mr. chips

Train tracks in Columbia

10 posts in this topic

I think that one of the impediments to better living in Columbia is the train situation in this city: trains blocking major intersections near downtown. It is just getting worse and worse. As more and more people live in the Southeastern part of the city (near the stadium, Rosewood, etc) the fact that Assembly street and Olympia are often blocked by trains is becoming intolerable. We need some leadership to solve this problem.

 

Here are some of the issues and questions that city leadership should address:

 

1) what is the status of burying the train lines or putting them above ground with bridges crossing major intersections?

2) why can't the trains just go around the city?

3) how can we deal with the fact that so much land near campus is wasted by train-tracks crisscrossing the area? Imagine the beautiful parks that could be created instead

4) isn't it possible to turn the train tracks into walking/running paths - i.e. "Rails to Trails"? That would be such a boon to the city

5) what laws or prior agreements stand in the way of progress?

6) how about the Free Times or the State using their bully pulpits to push this issue for the betterment of the city and its population?

7) how about this Forum starting a "movement" to address this issue? 

8) what are other alternatives to having these train tracks through the city?

9) why can't Columbia "think big" and solve this problem?

 

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At one point the City was planning to build a bridge for the tracks that cross Assembly near Sonic, but that was kicked down the road for financial reasons. Rerouting the tracks would be great for the city, but I assume the issue is ownership. Tracks are not cheap to build and unless there was a business case for the company to move them (i.e. massive delays through the city), they are likely not going to fund a redirect.

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Tracks are not cheap to build and unless there was a business case for the company to move them (i.e. massive delays through the city), they are likely not going to fund a redirect.

Maybe we should start a civil protest to create some "massive delays through the city" - i.e. cars and people sitting on the damn train tracks so the trains can't move. It is so frustrating to live in the middle of a city where the traffic is stopped for trains. Not to mention the noise of the train horns in the middle of the night for people living in the city. How can "we the people" allow this to go on without fighting it?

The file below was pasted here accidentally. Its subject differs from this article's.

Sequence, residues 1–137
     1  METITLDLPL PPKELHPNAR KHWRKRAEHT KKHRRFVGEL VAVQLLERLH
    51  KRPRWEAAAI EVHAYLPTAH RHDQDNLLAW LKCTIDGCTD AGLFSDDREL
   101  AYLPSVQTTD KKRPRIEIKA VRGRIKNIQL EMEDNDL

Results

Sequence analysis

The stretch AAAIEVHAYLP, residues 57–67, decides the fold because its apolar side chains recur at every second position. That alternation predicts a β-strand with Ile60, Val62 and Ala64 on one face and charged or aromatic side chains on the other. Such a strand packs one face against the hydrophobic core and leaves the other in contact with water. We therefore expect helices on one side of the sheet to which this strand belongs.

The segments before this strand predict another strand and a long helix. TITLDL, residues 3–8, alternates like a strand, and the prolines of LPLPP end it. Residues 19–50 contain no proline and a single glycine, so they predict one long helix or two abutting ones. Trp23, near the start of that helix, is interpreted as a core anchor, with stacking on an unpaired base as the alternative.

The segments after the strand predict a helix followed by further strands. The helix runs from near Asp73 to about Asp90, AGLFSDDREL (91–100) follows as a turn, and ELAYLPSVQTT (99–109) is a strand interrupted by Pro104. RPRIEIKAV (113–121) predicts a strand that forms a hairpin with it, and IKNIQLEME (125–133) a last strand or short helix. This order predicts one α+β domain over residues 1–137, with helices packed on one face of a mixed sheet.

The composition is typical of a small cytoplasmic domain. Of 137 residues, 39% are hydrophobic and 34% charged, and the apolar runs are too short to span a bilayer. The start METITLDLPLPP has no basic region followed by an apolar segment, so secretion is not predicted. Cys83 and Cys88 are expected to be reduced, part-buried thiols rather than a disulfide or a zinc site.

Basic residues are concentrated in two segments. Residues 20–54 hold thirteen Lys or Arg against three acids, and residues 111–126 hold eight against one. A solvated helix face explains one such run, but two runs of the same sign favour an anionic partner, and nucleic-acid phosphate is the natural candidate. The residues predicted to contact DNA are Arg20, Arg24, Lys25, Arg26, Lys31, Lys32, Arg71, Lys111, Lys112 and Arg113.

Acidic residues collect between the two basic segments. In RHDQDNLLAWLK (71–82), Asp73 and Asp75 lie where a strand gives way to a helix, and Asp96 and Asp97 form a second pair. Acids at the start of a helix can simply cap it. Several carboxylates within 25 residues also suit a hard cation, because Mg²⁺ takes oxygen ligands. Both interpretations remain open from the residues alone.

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Maybe we should start a civil protest to create some "massive delays through the city" - i.e. cars and people sitting on the damn train tracks so the trains can't move. It is so frustrating to live in the middle of a city where the traffic is stopped for trains. Not to mention the noise of the train horns in the middle of the night for people living in the city. How can "we the people" allow this to go on without fighting it? 

The City of Columbia, Richland County, Lexington County and USC have gone in together to try to convince lawmakers to cough up the money necessary to streetscape Huger and Assembly streets from Elmwood to Whaley Street and Rosewood Drive respectively and to build bridges over the railroad tracks, as well as to build the expressway from I-26 to the airport and to do something for Lexington (I forget what.).  The fact that local governments are adopting penny sales taxes (Lexington, too, hopefully) to make road improvements makes it more likely that the state will cooperate on these projects.  That was in the news a couple of months ago.  I don't know where it stands, but the bridges over the railroad tracks alone will take major bucks.  

Edited by CorgiMatt

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If we are waiting for the state legislature, I guess we'll be waiting another 20 years. There must be some other way of making this happen - like maybe not having spent a ridiculous amount of money on a baseball stadium!

 

When I came to Columbia 30 years ago, I used to go to Greenville and think "what a dump". But slowly Greenville evolved, and now they have a really beautiful downtown. At the time, I used to think that Columbia was on the cusp of doing something great, with then Mayor Kirkman Finley a real visionary leader like Riley in Charleston and Max Heller in Greenville. Unfortunately those other cities kept evolving for the better, and I feel that I bet on the wrong horse here in Columbia.